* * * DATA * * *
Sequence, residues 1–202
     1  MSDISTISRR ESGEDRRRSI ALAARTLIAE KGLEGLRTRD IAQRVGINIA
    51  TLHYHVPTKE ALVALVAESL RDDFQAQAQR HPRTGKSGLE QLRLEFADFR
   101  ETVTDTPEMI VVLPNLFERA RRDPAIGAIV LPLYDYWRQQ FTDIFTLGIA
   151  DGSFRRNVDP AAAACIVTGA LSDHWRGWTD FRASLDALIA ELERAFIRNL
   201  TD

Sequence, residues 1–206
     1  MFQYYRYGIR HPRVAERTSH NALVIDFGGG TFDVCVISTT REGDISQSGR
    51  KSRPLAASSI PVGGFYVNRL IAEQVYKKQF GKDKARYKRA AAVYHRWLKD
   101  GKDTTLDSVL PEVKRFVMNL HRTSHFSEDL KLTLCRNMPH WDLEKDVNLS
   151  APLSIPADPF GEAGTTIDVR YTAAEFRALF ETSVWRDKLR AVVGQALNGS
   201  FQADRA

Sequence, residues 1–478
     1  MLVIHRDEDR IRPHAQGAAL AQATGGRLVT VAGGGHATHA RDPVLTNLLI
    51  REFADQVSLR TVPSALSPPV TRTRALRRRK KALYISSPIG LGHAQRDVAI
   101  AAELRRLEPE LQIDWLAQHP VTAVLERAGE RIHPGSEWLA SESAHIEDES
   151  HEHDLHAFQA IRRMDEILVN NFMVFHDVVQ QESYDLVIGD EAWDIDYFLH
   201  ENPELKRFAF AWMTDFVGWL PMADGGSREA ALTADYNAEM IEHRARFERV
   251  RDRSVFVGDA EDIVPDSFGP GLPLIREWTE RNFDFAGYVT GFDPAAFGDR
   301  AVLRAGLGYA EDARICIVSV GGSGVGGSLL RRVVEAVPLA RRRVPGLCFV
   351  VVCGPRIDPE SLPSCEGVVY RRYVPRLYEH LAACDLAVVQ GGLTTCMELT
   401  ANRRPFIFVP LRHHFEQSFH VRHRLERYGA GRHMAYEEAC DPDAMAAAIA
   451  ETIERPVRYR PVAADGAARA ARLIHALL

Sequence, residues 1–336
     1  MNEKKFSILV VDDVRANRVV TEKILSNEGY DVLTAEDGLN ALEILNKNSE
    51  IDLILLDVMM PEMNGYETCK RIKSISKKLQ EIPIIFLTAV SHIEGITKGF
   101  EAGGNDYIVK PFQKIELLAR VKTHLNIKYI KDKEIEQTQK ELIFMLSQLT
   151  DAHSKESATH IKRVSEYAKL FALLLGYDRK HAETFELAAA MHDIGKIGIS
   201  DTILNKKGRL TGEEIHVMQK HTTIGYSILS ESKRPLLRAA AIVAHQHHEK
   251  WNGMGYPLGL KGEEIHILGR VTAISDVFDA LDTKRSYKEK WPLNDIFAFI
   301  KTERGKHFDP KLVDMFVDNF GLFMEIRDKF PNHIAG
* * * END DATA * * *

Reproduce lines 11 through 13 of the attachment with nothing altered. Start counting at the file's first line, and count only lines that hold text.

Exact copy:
   151  APLSIPADPF GEAGTTIDVR YTAAEFRALF ETSVWRDKLR AVVGQALNGS
   201  FQADRA

Sequence, residues 1–478